Bills Ginza – On the top floor of Okura House, famous mostly for breakfast, this is Australian Bill Granger’s sixth Japanese branch. I went in for dinner has fabulous spelt risotto and cauliflower and lemon linguini. Do go for the famous brunch if you can, and please book.
[ Okura House 12F, 2-6-12 Ginza, Chuo-ku ]
Cicado – I did not get a reservation, despite calling a day earlier, so it means it must be brilliant! The restaurant serves Mediterranean meals and is a fancy, upbeat place. Call ahead!
[ 5-7-28 Minamiaoayama Minato 106 ]
Ta-im Shibuya – A tiny hole in the wall Mediterranean food, fired up by a passionate Israeli, serving excellent food. It’s so small that you will be rubbing shoulders with the next person, and indulging in conversations with just about everyone, as only about 14 people can fit. A great experience but booking is absolutely necessary.
[ 1-19-16 Ebisu, Shibuya-ku ]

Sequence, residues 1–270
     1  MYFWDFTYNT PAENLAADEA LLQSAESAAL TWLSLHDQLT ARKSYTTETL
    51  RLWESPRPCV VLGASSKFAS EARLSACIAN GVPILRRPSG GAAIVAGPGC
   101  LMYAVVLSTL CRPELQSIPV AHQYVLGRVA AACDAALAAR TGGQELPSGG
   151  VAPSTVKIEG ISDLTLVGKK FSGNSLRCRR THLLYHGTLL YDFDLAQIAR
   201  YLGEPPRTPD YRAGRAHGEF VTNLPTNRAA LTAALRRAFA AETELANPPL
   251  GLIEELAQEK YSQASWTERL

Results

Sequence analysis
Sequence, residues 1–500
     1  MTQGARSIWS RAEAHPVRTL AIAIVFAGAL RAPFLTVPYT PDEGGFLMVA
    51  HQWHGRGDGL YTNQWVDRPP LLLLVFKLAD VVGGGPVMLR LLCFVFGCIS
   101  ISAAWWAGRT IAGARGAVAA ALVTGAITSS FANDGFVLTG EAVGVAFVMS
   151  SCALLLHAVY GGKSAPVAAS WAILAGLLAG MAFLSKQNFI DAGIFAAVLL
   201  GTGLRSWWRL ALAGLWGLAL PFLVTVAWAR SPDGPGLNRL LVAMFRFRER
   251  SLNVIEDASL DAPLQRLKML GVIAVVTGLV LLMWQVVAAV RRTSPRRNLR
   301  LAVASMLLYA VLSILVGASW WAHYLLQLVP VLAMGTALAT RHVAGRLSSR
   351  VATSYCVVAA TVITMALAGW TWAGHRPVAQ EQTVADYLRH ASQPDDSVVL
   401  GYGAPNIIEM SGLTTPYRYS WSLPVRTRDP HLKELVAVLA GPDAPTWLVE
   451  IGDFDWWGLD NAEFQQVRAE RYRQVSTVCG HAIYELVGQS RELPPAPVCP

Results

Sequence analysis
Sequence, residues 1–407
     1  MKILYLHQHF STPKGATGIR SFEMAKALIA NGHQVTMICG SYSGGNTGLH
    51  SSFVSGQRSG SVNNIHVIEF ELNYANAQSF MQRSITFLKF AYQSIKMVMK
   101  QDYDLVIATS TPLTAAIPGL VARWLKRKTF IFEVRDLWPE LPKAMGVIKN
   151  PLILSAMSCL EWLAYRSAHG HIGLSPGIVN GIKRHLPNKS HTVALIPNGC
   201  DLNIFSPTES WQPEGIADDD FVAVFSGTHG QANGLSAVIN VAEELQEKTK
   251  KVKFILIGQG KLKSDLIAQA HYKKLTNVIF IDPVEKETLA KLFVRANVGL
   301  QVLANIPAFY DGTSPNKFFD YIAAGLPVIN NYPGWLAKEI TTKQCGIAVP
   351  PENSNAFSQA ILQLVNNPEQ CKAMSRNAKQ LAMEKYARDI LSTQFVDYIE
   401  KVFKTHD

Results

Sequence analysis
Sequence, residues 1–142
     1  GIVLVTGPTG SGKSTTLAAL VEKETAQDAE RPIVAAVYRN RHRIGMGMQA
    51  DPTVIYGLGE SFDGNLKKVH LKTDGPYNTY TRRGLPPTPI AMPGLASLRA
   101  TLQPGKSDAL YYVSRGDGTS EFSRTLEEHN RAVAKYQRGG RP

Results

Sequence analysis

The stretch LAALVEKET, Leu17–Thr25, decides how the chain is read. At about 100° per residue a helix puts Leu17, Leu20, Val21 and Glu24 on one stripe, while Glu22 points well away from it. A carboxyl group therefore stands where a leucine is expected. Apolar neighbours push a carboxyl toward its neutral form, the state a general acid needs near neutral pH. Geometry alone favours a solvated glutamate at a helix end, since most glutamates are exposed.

Dominique Ansel Bakery – Check for the cronut flavour of the month if that’s your sole purpose. Or else the cookie shot is always there!
[ 5-7-14, Jingumae, Shibuya-Ku ]
Reissue Café – for 3D and 2D latte art
[ 3 Chome-25-7 Jingūmae, Shibuya-ku ]
Cherry Blossom Sightings:
Philospsher’s Path – a great walkway within city area lined with cherry blossom trees, shops and a canal.
Marayuma Park – close to the tourist areas.
Arash’s Kitchen – Mouth watering Persian food, with authentic beri pollo, bagali pollo and kashk-e-badamjan. If you go on a Saturday night, you’ll catch a belly dancing show!
[ 16-Shogoin Sannocho, Sakyo-ku, 2F Sun Plaza, Kyoto Prefecture ]
La Jolla – An amazing little Mexican restaurant with plenty of vegetarian options and excellent guacamole.
[ 154-2 Nagahamacho, Nakagyo Ward ]
Omen – Come here for authentic udon in broth (hot or cold) with fresh vegetables. Please call ahead to book and ask for a vegetarian broth. This is a famous chain, so check for a closest one before booking.
[ 358 Masuya-chō, Kōdaiji-dōri, Shimokawara higashi-iru ]
Yōshūji – I didn’t get the chance to go here, but it came highly recommended. It is located in an old Japanese farmhouse with an open hearth and has a good number of vegetarian Japanese dishes.
[ 1074 Honmachi, Kuram ]